Online purchasing behavior is expected to remain intact with economic recovery as eCommerce becomes a mainstream retail channel. High streets have been hit by the rise of e-commerce as online retailers have lower fixed cost than physical “bricks and mortar” retailers and consumers go for the lowest cost option. However, the pricing gap with multi-channel retailers continues to narrow.
• Online spending in the UK is ahead of Europe but Europe is following suit
• Squeezed budgets have altered consumer purchasing behavior
• Pricing pressures are particularly acute on third party brand retailers
• Retailers with strong own brands and control over distribution will have a greater control over pricing
• While stores remain a place where customers interact, retailers will be forced to reduce occupancy cost leading to portfolio rationalization
• There is a trend towards Showrooming, “Click and Collect” and mobile commerce
• New technologies will enhance the online shopping experience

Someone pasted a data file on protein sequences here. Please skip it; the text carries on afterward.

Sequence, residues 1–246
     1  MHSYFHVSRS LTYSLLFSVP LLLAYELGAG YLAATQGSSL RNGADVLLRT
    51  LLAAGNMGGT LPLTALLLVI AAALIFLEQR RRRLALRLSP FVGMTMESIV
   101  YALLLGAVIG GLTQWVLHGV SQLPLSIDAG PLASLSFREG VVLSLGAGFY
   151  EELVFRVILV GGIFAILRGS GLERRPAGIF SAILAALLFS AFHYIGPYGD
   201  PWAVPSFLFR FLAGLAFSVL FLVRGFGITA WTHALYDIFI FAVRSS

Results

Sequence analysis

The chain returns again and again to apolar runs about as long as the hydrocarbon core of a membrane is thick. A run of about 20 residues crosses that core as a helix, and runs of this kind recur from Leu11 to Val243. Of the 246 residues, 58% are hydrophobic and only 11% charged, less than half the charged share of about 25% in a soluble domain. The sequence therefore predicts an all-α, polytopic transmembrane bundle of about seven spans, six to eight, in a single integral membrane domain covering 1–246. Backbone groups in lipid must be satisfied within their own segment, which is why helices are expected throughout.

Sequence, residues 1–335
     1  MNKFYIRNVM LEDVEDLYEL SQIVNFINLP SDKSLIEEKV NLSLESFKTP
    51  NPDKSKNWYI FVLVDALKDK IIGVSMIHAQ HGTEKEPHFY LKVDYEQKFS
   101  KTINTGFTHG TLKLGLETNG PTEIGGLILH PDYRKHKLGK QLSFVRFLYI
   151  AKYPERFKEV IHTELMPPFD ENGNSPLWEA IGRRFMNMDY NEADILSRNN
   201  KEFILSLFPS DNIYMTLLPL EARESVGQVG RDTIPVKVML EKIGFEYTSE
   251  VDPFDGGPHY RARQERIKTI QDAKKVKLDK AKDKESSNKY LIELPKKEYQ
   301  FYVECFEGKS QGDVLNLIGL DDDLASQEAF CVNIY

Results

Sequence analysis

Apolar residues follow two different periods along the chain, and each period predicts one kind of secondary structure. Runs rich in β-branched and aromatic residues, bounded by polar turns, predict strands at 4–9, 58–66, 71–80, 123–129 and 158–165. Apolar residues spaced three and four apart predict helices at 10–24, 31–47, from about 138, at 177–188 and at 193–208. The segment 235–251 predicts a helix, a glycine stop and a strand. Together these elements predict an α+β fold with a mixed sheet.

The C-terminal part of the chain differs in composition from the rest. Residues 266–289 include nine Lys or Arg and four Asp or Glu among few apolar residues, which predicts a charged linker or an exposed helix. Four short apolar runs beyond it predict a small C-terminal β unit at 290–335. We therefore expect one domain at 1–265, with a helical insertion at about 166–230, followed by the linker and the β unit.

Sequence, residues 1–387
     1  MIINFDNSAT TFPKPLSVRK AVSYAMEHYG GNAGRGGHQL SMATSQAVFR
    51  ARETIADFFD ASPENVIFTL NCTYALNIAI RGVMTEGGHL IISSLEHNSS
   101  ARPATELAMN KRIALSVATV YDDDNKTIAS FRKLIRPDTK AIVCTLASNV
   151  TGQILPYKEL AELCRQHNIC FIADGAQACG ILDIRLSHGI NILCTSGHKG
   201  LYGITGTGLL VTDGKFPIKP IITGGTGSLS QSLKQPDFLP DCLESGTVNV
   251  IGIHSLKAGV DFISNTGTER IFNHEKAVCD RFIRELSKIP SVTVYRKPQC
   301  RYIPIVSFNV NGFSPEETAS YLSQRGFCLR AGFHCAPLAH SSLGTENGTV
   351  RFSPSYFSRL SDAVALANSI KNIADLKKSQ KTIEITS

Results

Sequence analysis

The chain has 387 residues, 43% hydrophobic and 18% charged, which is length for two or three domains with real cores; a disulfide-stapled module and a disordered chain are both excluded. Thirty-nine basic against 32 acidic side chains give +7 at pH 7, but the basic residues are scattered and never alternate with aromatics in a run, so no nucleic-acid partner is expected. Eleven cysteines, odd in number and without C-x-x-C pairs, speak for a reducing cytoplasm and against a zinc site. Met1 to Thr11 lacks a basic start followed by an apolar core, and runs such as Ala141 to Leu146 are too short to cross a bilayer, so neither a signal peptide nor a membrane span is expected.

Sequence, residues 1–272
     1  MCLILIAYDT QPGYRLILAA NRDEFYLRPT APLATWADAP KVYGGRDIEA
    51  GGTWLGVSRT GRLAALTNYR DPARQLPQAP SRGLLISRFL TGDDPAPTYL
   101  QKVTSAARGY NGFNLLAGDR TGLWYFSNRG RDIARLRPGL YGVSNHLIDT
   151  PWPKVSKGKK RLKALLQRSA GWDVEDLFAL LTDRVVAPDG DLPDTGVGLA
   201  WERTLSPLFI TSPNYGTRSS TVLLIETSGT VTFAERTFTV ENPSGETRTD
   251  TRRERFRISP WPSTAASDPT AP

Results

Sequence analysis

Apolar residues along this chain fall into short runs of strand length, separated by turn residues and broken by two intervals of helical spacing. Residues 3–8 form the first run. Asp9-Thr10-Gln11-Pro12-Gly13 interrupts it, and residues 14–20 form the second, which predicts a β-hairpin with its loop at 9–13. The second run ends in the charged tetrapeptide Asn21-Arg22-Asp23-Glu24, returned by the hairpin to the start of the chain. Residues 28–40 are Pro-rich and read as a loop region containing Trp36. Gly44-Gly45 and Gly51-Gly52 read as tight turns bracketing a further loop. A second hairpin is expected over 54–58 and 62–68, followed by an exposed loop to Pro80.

• Winning retailers will invest heavily in multi-channel operations at the expense of physical retailers with geographic over-reach
• Winning assets will be in prime locations with destination stores or will be well located dominant schemes
• Poorly located assets or those in lower tier retail centers will be hardest hit
• Distribution - operators will continue to require large sheds for national and regional distribution hubs.
• Demand for smaller satellite distribution centers will support rents and positively impact property and land at the edge of major population centers where supply is tight.
• Re-letting risk for satellite sheds may be lower than for large centralized fulfillment centers.
(This article features excerpts from the full report – please download it here)